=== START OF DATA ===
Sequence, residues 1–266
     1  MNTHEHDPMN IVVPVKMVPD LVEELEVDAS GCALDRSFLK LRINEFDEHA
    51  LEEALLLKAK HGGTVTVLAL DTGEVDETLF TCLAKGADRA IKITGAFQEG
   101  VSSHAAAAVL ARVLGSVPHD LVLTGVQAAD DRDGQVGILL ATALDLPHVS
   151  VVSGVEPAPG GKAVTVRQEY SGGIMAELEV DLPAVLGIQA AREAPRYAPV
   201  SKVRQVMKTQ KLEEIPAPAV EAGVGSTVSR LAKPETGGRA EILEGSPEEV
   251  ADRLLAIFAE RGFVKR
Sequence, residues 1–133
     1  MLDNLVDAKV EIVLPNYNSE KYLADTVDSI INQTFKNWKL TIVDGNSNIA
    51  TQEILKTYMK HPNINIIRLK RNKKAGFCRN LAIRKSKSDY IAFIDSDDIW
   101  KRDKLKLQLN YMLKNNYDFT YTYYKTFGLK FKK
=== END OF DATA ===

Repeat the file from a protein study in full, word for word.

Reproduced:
Sequence, residues 1–266
     1  MNTHEHDPMN IVVPVKMVPD LVEELEVDAS GCALDRSFLK LRINEFDEHA
    51  LEEALLLKAK HGGTVTVLAL DTGEVDETLF TCLAKGADRA IKITGAFQEG
   101  VSSHAAAAVL ARVLGSVPHD LVLTGVQAAD DRDGQVGILL ATALDLPHVS
   151  VVSGVEPAPG GKAVTVRQEY SGGIMAELEV DLPAVLGIQA AREAPRYAPV
   201  SKVRQVMKTQ KLEEIPAPAV EAGVGSTVSR LAKPETGGRA EILEGSPEEV
   251  ADRLLAIFAE RGFVKR
Sequence, residues 1–133
     1  MLDNLVDAKV EIVLPNYNSE KYLADTVDSI INQTFKNWKL TIVDGNSNIA
    51  TQEILKTYMK HPNINIIRLK RNKKAGFCRN LAIRKSKSDY IAFIDSDDIW
   101  KRDKLKLQLN YMLKNNYDFT YTYYKTFGLK FKK